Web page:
“My last single was with Locko and Mr Leo. Locko is from Yaounde. Mr Leo and I are from Bamenda, but you always seee this joint force coming to say, this is who we are. When we sing, we are not singing in English or French. We’re singing in English and French together. That’s what makes us unique as musicians. The fact that we are an embidimet of the Cameroonian culture. We just understand music for what it is, and I think that is the most syymbolic thing about music, and using music as a tool for anything. Music is like an amoeba, which can form itself into any purpose that you want it to. Wax Dey, Musician

Art has the power to transform. Musicians are well aware of the gift that lies in their voices, talents, and instruments.

Music has a history of being used to champion causes.The charity single “We Are The World”, was recorded in 1985 to help collect money and food for the over a million victims of a famine ina Ethiopia. Music has been used to draw attention to diseases such as HIV and Malaria, human rights, the plight of the girl child. You name it, music has done it.

Cameroonian rapper, Stanley Enow, released “Soldier Like Ma Papa” in 2015, to pay tribute to his father, an ex-soldier, and to trooops fightinng Boko Haram, in the Far North region of Cameroon.

In 2016, Tzy Panchak, released Eseka, a soul-touching tribute to victims of the Eseka train crash

Harmony and unity are principles of music.Different notes in music blend, to strike a perfect chord. Separately, each note is different, but when strung together with care, they make beautiful music, and harmony is created. Musicians believe humans can actually draw lessons frrom the way music is put together.

From time immemorial, music has been used to effect change, or affect emotions. Biblical history tells us that trumpets and shouts of praise were used to bring down the walls of Jericho. Music used during exercise can help boost performance. it can be used to galvanize troops. but music, is also soothing, a therapy, for healing.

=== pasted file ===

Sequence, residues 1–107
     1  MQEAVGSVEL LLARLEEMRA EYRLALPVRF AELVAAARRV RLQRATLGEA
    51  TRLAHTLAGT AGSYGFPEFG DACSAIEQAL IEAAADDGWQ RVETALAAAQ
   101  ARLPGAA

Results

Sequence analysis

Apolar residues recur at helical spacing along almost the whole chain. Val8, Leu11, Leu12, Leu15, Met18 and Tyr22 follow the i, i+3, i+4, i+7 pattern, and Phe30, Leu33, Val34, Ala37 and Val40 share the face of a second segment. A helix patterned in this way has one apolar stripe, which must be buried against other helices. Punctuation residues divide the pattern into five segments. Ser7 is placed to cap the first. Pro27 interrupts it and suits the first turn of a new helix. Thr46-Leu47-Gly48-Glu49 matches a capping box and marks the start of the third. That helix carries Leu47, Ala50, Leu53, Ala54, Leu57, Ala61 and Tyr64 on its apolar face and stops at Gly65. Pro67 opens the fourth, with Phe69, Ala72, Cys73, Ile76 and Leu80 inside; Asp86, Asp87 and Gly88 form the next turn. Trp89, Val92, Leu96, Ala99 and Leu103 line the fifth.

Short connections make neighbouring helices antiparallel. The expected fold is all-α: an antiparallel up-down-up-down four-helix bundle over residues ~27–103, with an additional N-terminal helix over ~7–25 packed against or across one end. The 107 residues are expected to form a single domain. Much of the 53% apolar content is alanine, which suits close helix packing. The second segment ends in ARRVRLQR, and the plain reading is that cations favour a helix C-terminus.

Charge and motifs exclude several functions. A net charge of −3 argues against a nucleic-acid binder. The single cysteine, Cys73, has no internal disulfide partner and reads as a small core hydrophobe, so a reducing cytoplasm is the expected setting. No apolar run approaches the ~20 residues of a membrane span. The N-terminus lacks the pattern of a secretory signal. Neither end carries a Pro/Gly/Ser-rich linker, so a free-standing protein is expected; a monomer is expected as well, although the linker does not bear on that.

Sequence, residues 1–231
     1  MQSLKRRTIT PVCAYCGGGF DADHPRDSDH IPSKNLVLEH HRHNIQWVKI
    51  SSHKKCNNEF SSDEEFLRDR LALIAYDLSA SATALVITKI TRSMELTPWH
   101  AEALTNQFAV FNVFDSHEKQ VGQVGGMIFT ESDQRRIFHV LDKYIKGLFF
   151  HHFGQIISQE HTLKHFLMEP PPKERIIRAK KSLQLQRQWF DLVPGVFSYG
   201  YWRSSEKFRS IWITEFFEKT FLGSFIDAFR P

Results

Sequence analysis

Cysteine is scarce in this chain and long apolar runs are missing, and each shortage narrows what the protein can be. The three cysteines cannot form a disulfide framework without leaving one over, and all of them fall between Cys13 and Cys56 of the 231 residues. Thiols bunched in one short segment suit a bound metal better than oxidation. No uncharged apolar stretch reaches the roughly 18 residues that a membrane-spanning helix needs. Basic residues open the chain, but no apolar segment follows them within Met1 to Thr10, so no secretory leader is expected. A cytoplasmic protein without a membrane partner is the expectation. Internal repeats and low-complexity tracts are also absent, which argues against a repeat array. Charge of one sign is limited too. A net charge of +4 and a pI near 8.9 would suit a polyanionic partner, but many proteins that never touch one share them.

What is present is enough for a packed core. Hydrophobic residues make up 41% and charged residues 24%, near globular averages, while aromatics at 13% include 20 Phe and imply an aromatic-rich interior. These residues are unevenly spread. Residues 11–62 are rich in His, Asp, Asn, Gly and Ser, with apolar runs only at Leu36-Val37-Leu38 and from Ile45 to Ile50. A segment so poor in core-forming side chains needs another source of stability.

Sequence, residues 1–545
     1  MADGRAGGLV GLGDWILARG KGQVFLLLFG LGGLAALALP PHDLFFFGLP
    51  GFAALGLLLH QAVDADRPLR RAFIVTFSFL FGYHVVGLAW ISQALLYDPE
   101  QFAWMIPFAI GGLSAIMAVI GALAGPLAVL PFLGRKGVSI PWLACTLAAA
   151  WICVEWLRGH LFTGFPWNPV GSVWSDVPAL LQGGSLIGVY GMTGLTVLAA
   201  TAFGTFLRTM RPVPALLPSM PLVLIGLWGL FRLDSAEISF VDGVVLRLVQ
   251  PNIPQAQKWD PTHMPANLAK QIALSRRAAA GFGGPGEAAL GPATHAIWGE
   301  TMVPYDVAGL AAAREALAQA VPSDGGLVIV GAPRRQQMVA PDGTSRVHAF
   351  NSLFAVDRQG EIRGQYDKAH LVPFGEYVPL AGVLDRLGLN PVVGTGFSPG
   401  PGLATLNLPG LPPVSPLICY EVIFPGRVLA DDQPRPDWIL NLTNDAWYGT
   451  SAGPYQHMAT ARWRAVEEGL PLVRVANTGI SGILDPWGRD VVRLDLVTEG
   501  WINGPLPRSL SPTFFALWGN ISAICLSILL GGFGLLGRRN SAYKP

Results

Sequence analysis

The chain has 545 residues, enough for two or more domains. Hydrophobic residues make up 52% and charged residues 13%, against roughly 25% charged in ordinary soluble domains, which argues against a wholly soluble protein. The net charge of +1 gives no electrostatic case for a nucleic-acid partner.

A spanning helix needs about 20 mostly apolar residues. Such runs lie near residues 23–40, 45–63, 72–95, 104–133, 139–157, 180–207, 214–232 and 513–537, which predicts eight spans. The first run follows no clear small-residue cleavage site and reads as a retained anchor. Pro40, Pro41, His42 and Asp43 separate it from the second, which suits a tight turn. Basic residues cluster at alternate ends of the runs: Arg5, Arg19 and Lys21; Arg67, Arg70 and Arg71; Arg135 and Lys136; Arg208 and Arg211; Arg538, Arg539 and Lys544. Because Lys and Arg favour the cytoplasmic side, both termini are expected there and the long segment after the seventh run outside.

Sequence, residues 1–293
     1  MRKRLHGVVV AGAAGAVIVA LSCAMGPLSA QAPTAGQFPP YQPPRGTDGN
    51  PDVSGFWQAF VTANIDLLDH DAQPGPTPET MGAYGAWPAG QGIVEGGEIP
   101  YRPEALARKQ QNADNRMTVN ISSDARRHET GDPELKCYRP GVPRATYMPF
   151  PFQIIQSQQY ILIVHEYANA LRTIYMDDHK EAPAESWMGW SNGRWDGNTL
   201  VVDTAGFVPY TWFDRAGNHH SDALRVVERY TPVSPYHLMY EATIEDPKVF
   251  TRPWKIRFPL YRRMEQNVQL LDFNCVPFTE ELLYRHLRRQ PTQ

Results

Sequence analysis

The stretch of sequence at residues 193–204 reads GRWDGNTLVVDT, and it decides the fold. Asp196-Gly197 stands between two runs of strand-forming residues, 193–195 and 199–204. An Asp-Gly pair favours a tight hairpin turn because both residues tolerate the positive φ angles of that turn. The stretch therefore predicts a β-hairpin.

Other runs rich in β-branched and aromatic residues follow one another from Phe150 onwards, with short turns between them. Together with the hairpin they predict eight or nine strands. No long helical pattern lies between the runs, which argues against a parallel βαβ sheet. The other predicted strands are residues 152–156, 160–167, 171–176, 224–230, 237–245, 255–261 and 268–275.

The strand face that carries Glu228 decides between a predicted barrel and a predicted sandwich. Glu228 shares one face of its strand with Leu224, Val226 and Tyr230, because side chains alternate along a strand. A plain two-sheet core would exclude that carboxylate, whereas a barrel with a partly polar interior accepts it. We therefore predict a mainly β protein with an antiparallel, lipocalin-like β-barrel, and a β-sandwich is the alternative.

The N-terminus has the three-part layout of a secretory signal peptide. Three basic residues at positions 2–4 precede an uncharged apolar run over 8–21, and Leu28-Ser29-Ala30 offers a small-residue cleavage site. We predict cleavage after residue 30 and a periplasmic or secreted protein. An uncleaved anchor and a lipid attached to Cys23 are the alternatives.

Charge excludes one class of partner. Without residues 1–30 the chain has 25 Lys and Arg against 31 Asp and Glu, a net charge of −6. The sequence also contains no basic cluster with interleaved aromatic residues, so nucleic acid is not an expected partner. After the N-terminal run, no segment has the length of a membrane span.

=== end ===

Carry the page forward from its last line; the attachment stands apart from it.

Emotion is what many feel, when anthems, are sung. A glowing example, was at the 2014 X-Maleya concert at the Olympia inn Paris, where the emotion was palpable, as fans sang the anthem!

“Symphony of Unity” – Reporter Moity UWAIFO AKONJANG    Photos/Videos : Pinaud Parfait MEYEBE    Editing : Ulrie BITA                                   Multimedia : Abdoulaye Mougnol                                                                                                                                                                                                                                  Coordination :  Josephine NDAGNOU, Dorothy SUH NDIKUM© CRTV 2019

“L’unité nationale en Sol majeur 1” – Reporter Serges POUTH    Photos/Videos : Pinaud Parfait MEYEBE    Editing : Ulrie BITA                                   Multimedia : Abdoulaye Mougnol , Landry LEUNKEU, MAKON                                                                                                                                                                                              Coordination :  Josephine NDAGNOU, Elvire KABA, Mireille BISSECK
Supervision : Dorothy SUH NDIKUM© CRTV 2019